Maternal depression may alter children's immune responses

Israeli study shows maternal depression may have a long-term impact on children's psychological and immune health.

Arutz Sheva Staff,

Mother and baby
Mother and baby
Flash 90

A longitudinal study conducted by Israeli researchers showed that maternal depression may have a long-term impact on children's psychological health and immune responses.

The study, published in Depression & Anxiety, included 125 babies and followed them from birth to ten years of age. Forty-three percent of the mothers had been diagnosed as suffering major depression.

Children's and mothers' saliva was tested for cortisol and SIgA, and home visits were conducted to assess both the children's behavior and the mothers' emotional health.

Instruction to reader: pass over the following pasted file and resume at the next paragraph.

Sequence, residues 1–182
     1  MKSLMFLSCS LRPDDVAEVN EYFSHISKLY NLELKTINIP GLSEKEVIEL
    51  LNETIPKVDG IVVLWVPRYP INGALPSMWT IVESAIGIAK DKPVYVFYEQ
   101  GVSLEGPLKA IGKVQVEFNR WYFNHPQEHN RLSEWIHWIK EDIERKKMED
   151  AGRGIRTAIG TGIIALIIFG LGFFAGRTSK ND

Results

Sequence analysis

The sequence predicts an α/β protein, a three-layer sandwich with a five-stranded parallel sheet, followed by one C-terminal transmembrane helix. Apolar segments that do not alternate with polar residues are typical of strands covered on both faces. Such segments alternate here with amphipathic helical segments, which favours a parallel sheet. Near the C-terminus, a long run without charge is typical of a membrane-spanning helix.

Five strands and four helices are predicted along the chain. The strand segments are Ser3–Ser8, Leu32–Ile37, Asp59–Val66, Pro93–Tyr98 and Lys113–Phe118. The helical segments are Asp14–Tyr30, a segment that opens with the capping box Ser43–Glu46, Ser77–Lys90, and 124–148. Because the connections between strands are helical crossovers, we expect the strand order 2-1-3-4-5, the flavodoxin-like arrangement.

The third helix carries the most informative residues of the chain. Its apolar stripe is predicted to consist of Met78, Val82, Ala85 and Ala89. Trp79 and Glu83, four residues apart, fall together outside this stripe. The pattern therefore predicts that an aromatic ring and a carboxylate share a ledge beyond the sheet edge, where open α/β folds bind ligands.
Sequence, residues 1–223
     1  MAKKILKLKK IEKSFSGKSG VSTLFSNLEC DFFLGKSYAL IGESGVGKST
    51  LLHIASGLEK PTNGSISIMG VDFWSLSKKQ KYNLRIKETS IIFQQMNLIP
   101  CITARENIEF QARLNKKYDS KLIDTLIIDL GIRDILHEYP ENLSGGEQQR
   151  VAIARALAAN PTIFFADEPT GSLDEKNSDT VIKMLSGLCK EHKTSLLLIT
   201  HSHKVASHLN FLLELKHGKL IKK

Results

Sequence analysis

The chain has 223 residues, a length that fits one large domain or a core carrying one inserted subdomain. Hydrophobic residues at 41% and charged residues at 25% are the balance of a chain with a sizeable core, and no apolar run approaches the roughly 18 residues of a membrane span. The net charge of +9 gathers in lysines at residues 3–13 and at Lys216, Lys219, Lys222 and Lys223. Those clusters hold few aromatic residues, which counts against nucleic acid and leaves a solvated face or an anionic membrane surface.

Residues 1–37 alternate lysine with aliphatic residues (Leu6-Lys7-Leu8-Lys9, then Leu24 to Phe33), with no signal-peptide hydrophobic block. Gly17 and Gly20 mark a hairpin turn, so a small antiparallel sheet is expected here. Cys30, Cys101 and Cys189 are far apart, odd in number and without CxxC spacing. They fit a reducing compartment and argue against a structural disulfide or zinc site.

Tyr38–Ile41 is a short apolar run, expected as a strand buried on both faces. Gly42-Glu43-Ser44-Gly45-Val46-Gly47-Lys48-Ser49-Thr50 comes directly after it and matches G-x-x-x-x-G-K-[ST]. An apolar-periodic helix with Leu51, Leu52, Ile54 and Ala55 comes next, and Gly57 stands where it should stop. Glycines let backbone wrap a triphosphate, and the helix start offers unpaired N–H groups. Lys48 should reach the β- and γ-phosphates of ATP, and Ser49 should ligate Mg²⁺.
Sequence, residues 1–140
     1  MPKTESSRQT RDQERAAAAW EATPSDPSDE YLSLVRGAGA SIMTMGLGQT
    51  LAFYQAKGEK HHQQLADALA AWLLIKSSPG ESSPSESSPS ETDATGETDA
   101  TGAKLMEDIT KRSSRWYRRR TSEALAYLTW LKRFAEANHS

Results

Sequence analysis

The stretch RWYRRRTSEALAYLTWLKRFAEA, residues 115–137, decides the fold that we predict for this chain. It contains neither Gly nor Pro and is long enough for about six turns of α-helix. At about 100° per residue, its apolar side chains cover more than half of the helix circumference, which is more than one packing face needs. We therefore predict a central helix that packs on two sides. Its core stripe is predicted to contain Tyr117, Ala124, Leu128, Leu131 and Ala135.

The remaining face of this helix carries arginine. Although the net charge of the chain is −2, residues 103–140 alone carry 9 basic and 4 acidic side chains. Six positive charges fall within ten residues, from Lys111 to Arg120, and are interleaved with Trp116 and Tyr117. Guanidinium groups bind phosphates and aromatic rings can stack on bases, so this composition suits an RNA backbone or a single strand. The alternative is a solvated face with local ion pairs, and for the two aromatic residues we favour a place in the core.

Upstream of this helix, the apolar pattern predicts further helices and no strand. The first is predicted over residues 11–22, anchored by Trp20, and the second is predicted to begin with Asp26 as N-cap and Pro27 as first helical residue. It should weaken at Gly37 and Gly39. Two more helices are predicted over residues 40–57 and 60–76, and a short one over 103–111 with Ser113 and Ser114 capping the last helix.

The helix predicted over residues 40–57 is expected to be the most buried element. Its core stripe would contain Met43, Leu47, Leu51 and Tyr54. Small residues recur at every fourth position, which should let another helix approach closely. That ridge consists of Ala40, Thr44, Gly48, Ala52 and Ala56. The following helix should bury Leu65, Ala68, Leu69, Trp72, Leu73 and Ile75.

Children of depressed mothers had higher levels of SIgA, as well as higher rates of psychiatric symptoms and a tendency to be withdrawn.

The study's senior author, Professor Ruth Feldman of IDC Herzliya, said, "Children exposed to maternal major depression respond like those under chronic stress."

She also said that depression impacts maternal stress, thereby impacting children's stress levels. Depressed mothers tend to interact less and more negatively with their children, showing more insensitivity and less empathy.

The effects, she noted, apply even to children of low-risk socioeconomic status who are not victims of abuse.

"Exposure to maternal depression impairs functioning of the child's immune system and stress response," she added. "Such disruptions to the child's stress and immune system, in turn, led to greater child psychopathology."


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